Objective: The progestin component in hormone replacement treatment may oppose the effects of estrogen on vascular function. This study examined the effect of long-term treatment with 17 beta-estradiol (E-2) alone and in combination with two progestins on K+ and Ca2+-mediated mechanisms in coronary arteries. Methods: Watanabe heritable hyperlipidemic rabbits were treated orally with either E-2 (4 mg/day), medroxyprogesterone acetate (MPA) (10 mg/day), norethindrone acetate (NETA) (2 mg/day), E-2 + MPA, E-2 + NETA, or placebo for 16 weeks (n = 10 in each group). Coronary arteries were used for mRNA and myograph studies. Results: E-2 increased vasodilatation induced by sodium nitroprusside and decreased vasocontraction induced by potassium. The first but not the latter response was opposed by MPA. The combination of MPA and E-2, but neither compound alone enhanced nimodipine-induced vasodilatation and increased the expression of L-type voltage-gated Ca2+ channel mRNA. NETA had no opposing effects. Hormone treatment did not affect large-conductance Ca2+, activated or ATP-sensitive K+ channels or cGMP-dependent protein kinase mRNA expression. Hyperlipidemia had no effect on vascular reactivity. Conclusion: When E-2 is administered with MPA, effects of E-2 on nitric oxide and Ca2+ mediated vascular reactivity in rabbit coronary arteries are modulated. The results suggest that the progestin component in hormone replacement treatment may interfere with the supposed beneficial vascular effects of estrogen. (c) 2006 Elsevier Inc. All rights reserved.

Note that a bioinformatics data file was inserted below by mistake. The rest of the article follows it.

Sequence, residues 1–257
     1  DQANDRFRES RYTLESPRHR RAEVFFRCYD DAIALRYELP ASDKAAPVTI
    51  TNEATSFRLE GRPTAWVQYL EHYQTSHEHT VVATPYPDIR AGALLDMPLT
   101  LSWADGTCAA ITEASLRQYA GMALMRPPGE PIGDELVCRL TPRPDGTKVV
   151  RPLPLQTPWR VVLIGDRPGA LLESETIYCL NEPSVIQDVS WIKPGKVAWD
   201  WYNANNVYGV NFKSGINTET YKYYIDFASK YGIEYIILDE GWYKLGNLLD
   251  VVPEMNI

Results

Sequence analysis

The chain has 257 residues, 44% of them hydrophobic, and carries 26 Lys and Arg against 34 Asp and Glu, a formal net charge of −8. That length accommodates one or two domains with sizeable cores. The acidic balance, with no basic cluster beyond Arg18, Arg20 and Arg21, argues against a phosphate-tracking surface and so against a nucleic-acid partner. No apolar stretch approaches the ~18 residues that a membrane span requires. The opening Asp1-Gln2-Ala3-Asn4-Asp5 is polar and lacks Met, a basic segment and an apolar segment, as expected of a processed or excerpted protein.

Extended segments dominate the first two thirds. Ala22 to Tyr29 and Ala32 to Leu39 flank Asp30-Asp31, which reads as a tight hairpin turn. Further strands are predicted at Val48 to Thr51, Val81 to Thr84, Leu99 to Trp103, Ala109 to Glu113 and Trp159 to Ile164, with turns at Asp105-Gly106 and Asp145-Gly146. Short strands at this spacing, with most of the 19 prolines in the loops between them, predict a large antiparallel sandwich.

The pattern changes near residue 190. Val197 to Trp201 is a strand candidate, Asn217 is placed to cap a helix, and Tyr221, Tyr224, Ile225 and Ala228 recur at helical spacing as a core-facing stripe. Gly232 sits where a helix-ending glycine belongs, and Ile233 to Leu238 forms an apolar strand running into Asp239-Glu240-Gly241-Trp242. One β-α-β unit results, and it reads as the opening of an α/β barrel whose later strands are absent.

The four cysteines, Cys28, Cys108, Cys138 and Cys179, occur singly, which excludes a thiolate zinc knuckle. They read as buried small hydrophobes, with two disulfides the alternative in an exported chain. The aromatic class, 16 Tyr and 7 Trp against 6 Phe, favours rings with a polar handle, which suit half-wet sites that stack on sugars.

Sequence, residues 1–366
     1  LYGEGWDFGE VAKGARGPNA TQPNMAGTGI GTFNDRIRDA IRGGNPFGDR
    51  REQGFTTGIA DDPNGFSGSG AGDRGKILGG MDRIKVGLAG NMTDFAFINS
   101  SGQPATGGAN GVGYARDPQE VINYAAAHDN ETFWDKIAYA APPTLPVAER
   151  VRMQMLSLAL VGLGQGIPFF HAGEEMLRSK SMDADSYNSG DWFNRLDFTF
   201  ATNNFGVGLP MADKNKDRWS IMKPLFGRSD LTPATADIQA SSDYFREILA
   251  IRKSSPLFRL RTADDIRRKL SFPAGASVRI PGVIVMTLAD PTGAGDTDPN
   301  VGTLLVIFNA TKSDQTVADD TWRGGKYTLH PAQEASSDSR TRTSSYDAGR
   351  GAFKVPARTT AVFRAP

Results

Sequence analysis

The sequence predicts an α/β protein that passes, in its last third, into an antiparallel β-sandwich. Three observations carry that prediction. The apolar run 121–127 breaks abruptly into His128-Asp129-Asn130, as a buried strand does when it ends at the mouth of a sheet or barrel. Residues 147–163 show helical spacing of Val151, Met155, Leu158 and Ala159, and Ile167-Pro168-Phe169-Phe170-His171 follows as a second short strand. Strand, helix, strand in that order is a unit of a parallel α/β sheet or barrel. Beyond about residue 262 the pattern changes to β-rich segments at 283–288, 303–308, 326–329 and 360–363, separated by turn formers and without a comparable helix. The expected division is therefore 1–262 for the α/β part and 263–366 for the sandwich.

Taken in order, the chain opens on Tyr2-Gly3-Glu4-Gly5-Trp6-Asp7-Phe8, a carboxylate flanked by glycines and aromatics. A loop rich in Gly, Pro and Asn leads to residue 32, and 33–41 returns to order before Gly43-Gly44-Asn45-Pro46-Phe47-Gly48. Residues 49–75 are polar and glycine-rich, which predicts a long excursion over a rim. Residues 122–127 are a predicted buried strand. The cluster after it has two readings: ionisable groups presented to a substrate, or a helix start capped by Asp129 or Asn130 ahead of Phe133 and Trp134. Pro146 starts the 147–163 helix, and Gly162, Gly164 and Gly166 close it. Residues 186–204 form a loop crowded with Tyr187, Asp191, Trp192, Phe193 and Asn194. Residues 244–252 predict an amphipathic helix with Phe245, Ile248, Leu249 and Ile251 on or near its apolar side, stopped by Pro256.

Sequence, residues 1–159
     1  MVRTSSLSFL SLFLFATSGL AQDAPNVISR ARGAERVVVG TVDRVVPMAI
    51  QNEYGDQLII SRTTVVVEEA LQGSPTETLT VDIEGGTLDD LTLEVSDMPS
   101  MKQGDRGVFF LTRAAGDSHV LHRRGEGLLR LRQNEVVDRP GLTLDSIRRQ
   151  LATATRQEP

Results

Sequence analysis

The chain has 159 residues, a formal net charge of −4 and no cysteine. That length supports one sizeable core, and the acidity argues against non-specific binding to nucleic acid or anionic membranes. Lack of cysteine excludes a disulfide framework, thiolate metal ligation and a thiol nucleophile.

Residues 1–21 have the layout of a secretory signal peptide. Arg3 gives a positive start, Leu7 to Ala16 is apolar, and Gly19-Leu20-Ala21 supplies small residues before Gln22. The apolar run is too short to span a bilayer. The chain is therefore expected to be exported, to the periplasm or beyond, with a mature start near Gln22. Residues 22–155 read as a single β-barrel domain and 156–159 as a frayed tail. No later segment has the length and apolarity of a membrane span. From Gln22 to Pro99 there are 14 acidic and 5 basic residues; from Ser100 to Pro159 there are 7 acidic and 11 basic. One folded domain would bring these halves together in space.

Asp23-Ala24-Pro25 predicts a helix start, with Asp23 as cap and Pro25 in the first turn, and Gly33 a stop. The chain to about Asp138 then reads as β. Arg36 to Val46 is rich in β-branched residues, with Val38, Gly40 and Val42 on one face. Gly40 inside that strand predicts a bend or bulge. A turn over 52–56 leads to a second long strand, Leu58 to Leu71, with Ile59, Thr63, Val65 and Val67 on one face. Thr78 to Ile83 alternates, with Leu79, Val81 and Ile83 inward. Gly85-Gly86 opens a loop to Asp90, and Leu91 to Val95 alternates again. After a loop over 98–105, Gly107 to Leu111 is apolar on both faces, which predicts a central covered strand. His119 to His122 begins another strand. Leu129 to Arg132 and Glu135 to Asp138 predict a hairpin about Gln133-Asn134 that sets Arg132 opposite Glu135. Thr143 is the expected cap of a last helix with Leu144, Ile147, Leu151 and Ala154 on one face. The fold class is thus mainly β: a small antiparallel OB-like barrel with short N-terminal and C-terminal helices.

|Publication status||Published - 2006|